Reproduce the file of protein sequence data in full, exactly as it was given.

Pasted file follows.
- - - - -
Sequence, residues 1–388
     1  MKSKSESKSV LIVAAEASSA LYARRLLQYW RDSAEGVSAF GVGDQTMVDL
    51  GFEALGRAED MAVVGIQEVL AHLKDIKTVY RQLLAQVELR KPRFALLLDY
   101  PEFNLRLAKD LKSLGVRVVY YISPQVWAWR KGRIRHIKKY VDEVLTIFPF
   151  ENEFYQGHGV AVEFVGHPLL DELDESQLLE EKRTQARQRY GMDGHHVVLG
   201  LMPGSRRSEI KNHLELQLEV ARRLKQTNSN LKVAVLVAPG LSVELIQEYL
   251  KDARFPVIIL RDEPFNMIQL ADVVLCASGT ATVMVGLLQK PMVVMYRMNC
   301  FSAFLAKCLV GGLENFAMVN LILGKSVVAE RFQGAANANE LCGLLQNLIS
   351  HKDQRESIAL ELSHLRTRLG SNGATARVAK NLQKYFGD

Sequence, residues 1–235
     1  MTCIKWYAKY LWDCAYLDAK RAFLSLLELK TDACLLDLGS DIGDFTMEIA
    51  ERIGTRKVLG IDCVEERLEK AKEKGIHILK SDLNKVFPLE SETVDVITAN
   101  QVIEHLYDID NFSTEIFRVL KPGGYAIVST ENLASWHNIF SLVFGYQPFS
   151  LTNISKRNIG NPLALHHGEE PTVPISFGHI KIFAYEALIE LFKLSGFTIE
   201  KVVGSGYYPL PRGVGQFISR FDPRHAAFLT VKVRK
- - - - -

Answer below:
Sequence, residues 1–388
     1  MKSKSESKSV LIVAAEASSA LYARRLLQYW RDSAEGVSAF GVGDQTMVDL
    51  GFEALGRAED MAVVGIQEVL AHLKDIKTVY RQLLAQVELR KPRFALLLDY
   101  PEFNLRLAKD LKSLGVRVVY YISPQVWAWR KGRIRHIKKY VDEVLTIFPF
   151  ENEFYQGHGV AVEFVGHPLL DELDESQLLE EKRTQARQRY GMDGHHVVLG
   201  LMPGSRRSEI KNHLELQLEV ARRLKQTNSN LKVAVLVAPG LSVELIQEYL
   251  KDARFPVIIL RDEPFNMIQL ADVVLCASGT ATVMVGLLQK PMVVMYRMNC
   301  FSAFLAKCLV GGLENFAMVN LILGKSVVAE RFQGAANANE LCGLLQNLIS
   351  HKDQRESIAL ELSHLRTRLG SNGATARVAK NLQKYFGD

Sequence, residues 1–235
     1  MTCIKWYAKY LWDCAYLDAK RAFLSLLELK TDACLLDLGS DIGDFTMEIA
    51  ERIGTRKVLG IDCVEERLEK AKEKGIHILK SDLNKVFPLE SETVDVITAN
   101  QVIEHLYDID NFSTEIFRVL KPGGYAIVST ENLASWHNIF SLVFGYQPFS
   151  LTNISKRNIG NPLALHHGEE PTVPISFGHI KIFAYEALIE LFKLSGFTIE
   201  KVVGSGYYPL PRGVGQFISR FDPRHAAFLT VKVRK